It was a slap in the face.” Steven Levine is remembering that day
in 2006 when President George W. Bush took the stage
in a small-town school gym in Indiana. It was October 28, right before the midterm elections, and Levine was a 22-year-old White House advance aide. He’d been camped out in Sellersburg all week, working to get the details just right for Bush’s campaign rally. The flags hung just so, the big presidential seal on the podium. Then Bush started talking, his standard stump speech about taxes and supporting the troops. But a new applause line took Levine by surprise. “Just this week in New Jersey,” the president said, “another activist court issued a ruling that raises doubt about the institution of marriage. We believe that marriage is the union between a man and a woman, and should be defended. I will continue to appoint judges who strictly interpret the law and not legislate from the bench.”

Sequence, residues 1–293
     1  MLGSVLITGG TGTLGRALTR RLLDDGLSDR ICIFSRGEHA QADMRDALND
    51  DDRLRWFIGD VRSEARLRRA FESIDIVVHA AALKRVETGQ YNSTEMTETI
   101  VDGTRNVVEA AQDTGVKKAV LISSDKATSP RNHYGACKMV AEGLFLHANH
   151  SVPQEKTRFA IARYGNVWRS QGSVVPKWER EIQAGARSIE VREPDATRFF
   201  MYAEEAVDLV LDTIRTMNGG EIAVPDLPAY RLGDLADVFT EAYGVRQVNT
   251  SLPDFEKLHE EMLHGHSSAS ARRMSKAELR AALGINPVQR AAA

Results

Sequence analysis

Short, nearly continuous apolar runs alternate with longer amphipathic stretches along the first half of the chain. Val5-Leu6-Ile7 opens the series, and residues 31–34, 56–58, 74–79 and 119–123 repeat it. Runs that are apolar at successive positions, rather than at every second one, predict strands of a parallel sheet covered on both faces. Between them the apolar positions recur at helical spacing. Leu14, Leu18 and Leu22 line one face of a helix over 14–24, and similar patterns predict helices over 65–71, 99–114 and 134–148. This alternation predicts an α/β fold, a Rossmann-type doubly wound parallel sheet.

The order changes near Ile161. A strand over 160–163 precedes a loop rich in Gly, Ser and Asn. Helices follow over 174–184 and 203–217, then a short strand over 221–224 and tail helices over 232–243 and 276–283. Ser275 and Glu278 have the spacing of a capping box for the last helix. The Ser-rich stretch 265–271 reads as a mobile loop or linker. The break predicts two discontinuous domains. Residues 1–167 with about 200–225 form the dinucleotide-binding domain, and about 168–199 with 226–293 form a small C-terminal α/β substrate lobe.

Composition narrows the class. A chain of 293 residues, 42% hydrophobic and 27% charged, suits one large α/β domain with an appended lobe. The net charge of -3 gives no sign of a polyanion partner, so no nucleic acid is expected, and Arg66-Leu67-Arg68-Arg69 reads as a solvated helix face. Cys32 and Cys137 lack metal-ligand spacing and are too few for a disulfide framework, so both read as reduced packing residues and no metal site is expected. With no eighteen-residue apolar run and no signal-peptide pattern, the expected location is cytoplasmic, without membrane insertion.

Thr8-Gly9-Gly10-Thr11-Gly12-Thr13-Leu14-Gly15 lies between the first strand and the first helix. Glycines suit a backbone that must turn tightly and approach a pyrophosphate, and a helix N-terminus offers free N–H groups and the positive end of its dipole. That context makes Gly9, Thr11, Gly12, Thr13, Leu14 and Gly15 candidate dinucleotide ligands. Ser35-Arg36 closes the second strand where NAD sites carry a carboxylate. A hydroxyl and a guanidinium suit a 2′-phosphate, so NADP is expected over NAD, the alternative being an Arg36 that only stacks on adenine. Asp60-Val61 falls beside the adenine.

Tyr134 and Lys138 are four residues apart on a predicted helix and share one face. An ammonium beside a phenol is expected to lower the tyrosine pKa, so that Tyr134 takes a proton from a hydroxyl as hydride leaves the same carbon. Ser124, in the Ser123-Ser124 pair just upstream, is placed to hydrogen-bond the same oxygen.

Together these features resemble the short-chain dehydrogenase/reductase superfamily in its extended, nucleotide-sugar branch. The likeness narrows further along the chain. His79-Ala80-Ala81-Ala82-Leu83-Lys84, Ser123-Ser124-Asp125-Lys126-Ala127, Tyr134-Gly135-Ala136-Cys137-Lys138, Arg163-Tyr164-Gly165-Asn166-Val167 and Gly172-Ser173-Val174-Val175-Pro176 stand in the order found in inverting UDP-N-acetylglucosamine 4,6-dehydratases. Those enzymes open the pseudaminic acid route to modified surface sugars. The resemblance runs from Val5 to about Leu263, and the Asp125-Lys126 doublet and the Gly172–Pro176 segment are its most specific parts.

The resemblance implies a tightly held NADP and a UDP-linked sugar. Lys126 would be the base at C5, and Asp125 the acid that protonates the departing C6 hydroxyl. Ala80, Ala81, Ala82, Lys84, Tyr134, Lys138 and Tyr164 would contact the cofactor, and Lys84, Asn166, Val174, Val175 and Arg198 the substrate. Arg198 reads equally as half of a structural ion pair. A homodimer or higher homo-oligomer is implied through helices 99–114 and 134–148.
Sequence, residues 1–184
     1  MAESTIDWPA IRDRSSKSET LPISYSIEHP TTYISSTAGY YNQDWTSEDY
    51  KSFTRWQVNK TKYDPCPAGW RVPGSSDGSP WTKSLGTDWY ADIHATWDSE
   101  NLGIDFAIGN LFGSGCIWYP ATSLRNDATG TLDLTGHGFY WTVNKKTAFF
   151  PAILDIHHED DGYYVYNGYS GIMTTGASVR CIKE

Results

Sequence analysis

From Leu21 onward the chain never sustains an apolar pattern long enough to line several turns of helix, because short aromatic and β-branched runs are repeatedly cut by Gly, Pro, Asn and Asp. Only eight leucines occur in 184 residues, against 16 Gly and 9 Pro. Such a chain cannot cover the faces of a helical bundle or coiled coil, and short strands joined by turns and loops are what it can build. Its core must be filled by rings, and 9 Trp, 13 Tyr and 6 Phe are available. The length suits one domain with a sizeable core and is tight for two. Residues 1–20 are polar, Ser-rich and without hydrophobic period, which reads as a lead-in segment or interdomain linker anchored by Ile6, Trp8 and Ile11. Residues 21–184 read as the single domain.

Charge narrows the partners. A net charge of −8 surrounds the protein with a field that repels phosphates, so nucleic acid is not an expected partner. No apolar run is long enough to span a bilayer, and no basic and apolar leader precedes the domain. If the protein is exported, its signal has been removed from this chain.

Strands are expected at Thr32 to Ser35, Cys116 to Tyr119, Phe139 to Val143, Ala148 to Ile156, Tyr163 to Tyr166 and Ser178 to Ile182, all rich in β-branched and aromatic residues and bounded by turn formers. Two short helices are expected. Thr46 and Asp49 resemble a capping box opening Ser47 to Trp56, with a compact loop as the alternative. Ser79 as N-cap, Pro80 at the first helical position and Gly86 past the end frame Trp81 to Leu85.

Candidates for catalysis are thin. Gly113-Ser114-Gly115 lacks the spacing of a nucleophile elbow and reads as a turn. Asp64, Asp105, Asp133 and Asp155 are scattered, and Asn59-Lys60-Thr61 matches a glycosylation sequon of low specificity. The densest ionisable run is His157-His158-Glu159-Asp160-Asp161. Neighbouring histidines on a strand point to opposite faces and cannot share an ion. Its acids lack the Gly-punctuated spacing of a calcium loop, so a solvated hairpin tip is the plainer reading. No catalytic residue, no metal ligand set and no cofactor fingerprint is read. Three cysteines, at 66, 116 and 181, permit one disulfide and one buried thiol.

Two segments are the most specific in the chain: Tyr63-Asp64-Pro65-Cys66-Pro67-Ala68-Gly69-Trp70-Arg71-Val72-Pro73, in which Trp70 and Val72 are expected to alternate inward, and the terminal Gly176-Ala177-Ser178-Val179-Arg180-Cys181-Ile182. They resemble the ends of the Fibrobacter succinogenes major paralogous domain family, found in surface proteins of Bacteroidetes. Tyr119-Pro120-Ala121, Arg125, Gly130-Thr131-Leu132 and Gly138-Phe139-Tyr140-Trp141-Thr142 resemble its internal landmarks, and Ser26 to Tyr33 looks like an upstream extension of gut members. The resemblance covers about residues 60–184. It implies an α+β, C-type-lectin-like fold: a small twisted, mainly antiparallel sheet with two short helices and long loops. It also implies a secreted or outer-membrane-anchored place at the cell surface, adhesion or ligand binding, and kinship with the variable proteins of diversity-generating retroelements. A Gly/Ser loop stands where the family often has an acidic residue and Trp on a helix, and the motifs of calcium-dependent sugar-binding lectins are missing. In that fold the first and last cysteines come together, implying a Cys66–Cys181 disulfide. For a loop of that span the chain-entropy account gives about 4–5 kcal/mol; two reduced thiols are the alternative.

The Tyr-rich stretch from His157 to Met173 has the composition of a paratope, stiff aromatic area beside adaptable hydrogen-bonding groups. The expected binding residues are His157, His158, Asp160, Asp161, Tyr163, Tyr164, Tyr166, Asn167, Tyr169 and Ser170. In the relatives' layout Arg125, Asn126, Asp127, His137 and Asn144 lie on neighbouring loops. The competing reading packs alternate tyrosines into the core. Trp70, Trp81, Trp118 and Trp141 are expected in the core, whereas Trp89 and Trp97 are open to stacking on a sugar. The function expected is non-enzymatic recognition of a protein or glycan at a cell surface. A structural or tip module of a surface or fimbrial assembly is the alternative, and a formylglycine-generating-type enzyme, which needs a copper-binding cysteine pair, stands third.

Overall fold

The crowd loved it. Levine was crushed.
He was gay and working for a Republican and convinced it was possible to be both at the same time.
Like dozens of other gay colleagues in the Bush White House, many of them closeted, Levine had been sure that Bush himself was personally tolerant even if the GOP was not—and uncomfortable with gay-bashing as a way to win elections. But this was a rebuff, and it was hard not to take it personally: “To be working extraordinarily hard with all of your energy, working through many nights for somebody that you believe in, and to hear that person that you work so hard for come out against something that you are.”